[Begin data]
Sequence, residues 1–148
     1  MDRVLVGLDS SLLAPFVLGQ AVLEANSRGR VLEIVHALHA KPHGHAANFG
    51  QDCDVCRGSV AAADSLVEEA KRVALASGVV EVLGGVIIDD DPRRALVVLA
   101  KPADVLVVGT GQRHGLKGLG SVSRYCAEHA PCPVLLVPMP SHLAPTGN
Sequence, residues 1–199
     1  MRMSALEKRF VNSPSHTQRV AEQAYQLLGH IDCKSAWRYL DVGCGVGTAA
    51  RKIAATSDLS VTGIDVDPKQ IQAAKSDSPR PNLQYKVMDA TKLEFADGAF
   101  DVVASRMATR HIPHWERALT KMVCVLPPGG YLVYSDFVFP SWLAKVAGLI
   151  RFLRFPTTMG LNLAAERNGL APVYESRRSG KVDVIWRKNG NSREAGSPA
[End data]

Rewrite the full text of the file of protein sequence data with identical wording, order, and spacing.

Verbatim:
Sequence, residues 1–148
     1  MDRVLVGLDS SLLAPFVLGQ AVLEANSRGR VLEIVHALHA KPHGHAANFG
    51  QDCDVCRGSV AAADSLVEEA KRVALASGVV EVLGGVIIDD DPRRALVVLA
   101  KPADVLVVGT GQRHGLKGLG SVSRYCAEHA PCPVLLVPMP SHLAPTGN
Sequence, residues 1–199
     1  MRMSALEKRF VNSPSHTQRV AEQAYQLLGH IDCKSAWRYL DVGCGVGTAA
    51  RKIAATSDLS VTGIDVDPKQ IQAAKSDSPR PNLQYKVMDA TKLEFADGAF
   101  DVVASRMATR HIPHWERALT KMVCVLPPGG YLVYSDFVFP SWLAKVAGLI
   151  RFLRFPTTMG LNLAAERNGL APVYESRRSG KVDVIWRKNG NSREAGSPA